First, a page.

There’s more, but I primarily credit these changes with my improved health. I disciplined myself in order to achieve a longer and freer life.

Betty White’s secret to success: Authenticity

Betty White’s star just kept rising as she grew older.

The iconic television star died on New Year’s Eve, just shy of her 100th birthday. Though she appeared in many successful television shows and films – including “The Mary Tyler Moore Show” and “Golden Girls” – White became a cultural hero beginning in the 2000’s.

She was featured in Super Bowl ads, wrote a book, produced a show which pulled practical jokes on young people and even hosted “Saturday Night Live” at the age of 88.

Betty White

White was smart and worked hard to build a career that lasted seven decades. But that doesn’t explain why she attained what became a kind of mythical status in American culture.

That was something else, which I think is best described as authenticity, and from which we can draw lessons from her.

She attracted people because they believed what she said. More specifically, they thought she believed what she was saying. That’s hard to find in today’s culture but it’s an important characteristic when you think about leadership and success in business.

We’re drawn to authentic people. Those are the bosses we want to work for.

We crave authentic experiences. Those are the activities that we will pay more for.

We want authentic lives. The ones that people will remember.

Betty White was one of those people. Or was she?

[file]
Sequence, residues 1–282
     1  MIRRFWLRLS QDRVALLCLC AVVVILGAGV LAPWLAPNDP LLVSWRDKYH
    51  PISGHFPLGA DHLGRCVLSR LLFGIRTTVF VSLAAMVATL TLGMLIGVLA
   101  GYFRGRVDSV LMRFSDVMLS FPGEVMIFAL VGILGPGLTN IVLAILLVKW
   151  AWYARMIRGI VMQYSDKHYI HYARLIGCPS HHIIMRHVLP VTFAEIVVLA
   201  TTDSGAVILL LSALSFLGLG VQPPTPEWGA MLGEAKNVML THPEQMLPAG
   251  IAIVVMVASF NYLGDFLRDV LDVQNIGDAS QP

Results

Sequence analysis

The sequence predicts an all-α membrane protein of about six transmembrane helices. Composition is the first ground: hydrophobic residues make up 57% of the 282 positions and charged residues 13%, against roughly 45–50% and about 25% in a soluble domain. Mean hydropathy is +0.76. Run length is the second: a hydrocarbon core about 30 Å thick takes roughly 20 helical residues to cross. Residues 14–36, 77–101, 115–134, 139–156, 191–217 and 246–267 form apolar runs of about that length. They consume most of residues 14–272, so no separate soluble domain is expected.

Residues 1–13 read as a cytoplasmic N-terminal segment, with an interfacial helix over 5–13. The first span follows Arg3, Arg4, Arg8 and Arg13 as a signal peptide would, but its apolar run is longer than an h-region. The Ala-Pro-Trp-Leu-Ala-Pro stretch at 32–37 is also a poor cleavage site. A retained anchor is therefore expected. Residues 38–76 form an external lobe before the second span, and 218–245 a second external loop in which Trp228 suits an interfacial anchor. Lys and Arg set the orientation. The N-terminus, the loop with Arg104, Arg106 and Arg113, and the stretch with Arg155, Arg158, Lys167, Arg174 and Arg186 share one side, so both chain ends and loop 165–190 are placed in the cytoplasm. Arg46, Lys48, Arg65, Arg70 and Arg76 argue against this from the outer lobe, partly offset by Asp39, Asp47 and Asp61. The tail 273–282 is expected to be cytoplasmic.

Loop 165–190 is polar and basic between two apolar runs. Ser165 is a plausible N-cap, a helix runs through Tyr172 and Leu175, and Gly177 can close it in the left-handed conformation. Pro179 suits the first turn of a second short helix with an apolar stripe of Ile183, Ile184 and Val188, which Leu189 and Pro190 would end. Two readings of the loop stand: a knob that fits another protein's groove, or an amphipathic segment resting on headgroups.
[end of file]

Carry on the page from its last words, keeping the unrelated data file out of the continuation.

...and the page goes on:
She was a performer, an actor. She brought authenticity to the role.

Playing a role is the essence of staging memorable customer experiences. Think of Disneyland.

Your business isn’t a fairytale world of heroes and villains. But in a real sense, we are all acting.

Just like Betty White. The question is do your customers believe what you say? Are you authentic in the role?

The Persistence of the Founder

Persistence > talent, genius, education.

I watch very little TV, so I might be the last person to watch the Founder on Netflix. I enjoyed that the movie portrayed Ray Kroc in a way that felt unbiased, highlighting both positive and negative behaviors.

But there was one aspect of the movie that really stood out to me. That is how Kroc credited his success to his persistence:

He needed a lot of it. Even as it was exploding, his business faced bankruptcy as a real possibility. I read a lot of business biographies and that is a recurring theme.

When we see today’s successful companies, we tend to see their success as a foregone conclusion.

But many of today’s great companies had near-death experiences that their founders have written about: Tesla, Nike and lululemon are some recent examples that come to mind.

This is important for current business owners to know. When you encounter tough times, that’s not weird. Business is difficult.

I once worked with a founder who thought business was all about the idea. He believed that if your concept was good enough, the business should practically run itself.

When he encountered difficulties he started tinkering with the concept. If he could just get the concept right, everything would be okay.